Promote better feedback


Communication is key. Many of the conflicts were a result of poor communication. If the brain does not know, the typical response is to not trust and be cautious as a minimum, and to view the issue negatively resulting in flight, fight, freeze, or appease. With better communication focusing on being truthful and operating with honesty and integrity, this is a good first step. Being as open as possible with what can be shared legally, morally, and ethically enlightens others as to why decisions are being made. Accepting others by withholding judgment and avoiding blame by focusing on what we can do together going forward can take a negative situation and turn it into a positive opportunity. Being responsible by taking actions by under promising and over delivering promotes trust setting up positive expectations for the future.

All too often feedback focuses on what went wrong and often involves blame. Rather than feedback consider feedforward. That is,

considering what has happened, what have we learned and what can we do together going forward?

The key words are “we” and “forward.” Rather than what are you going to do going forward with the stigma associated with the event, when we look at it together what can I do to help you and what can we do to have a better outcome in the future is received much better. By taking the current status and looking forward to the future, this helps both parties move from the past and to focus on what could be done positively with a look towards the future. The feedforward should be on point, constructive, specific, and encouraging. Avoid blame and unconstructive commentary.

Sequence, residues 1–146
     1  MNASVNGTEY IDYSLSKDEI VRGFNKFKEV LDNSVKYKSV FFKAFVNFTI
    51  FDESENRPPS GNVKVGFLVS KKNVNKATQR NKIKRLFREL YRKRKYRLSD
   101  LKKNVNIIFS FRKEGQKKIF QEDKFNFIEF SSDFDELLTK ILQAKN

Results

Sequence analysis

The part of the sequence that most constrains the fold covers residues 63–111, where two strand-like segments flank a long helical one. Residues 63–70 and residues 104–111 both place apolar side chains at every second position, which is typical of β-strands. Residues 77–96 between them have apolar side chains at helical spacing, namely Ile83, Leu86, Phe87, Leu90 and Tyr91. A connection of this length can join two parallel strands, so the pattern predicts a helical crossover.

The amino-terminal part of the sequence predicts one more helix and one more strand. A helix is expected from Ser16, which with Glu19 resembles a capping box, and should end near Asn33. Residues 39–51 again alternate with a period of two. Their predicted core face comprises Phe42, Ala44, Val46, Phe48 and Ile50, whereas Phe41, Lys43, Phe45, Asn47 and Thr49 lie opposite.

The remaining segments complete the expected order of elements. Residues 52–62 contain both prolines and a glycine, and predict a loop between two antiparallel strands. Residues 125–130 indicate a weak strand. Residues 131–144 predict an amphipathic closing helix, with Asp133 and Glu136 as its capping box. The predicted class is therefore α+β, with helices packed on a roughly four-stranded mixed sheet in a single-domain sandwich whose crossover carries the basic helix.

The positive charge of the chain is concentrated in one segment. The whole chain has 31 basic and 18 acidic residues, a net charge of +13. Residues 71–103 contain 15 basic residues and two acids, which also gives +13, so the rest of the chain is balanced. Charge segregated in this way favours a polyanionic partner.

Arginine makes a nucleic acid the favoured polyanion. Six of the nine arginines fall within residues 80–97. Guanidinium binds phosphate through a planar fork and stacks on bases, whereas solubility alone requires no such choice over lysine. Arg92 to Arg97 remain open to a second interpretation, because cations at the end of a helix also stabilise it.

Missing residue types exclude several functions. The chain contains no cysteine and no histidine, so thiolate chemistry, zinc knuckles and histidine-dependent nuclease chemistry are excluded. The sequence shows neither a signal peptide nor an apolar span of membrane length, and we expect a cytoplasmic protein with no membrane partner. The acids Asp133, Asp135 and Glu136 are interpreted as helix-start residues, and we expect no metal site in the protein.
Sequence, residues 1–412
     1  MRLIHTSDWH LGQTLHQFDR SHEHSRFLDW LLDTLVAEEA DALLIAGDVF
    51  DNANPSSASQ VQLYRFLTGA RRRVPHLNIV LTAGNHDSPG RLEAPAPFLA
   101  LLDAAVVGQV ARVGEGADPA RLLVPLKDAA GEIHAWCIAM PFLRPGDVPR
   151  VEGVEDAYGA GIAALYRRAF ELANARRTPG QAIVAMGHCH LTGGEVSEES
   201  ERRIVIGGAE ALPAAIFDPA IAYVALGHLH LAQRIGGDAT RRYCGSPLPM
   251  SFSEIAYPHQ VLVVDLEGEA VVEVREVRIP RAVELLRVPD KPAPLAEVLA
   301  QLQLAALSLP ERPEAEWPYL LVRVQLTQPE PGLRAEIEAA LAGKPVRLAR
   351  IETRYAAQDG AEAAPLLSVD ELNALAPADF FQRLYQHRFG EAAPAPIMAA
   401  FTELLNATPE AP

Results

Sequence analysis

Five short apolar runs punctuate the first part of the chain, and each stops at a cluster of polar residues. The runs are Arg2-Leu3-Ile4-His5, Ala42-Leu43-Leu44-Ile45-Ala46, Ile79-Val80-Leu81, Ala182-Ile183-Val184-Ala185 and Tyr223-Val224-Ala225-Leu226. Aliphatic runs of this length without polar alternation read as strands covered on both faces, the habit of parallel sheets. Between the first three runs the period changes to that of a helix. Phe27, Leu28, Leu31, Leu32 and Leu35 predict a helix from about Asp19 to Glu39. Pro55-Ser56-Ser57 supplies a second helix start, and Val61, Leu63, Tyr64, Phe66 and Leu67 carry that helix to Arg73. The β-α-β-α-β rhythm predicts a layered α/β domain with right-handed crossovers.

Focus on the problem, and not the people


Rephrasing this from the commentary presented in the article to my personal perspective I might offer “be tough on the problem and gentle on the people.” What does that mean? Far more often conflicts in the work place stem from systemic issues rather than someone personally. With that in mind look at the system from the beginning and work through the system to determine why the error was made given the current system in place. Too much competition rather than healthy competition and collaboration can result in negative results.

Perceptions matter. Listen actively to understand. What else should I be asking?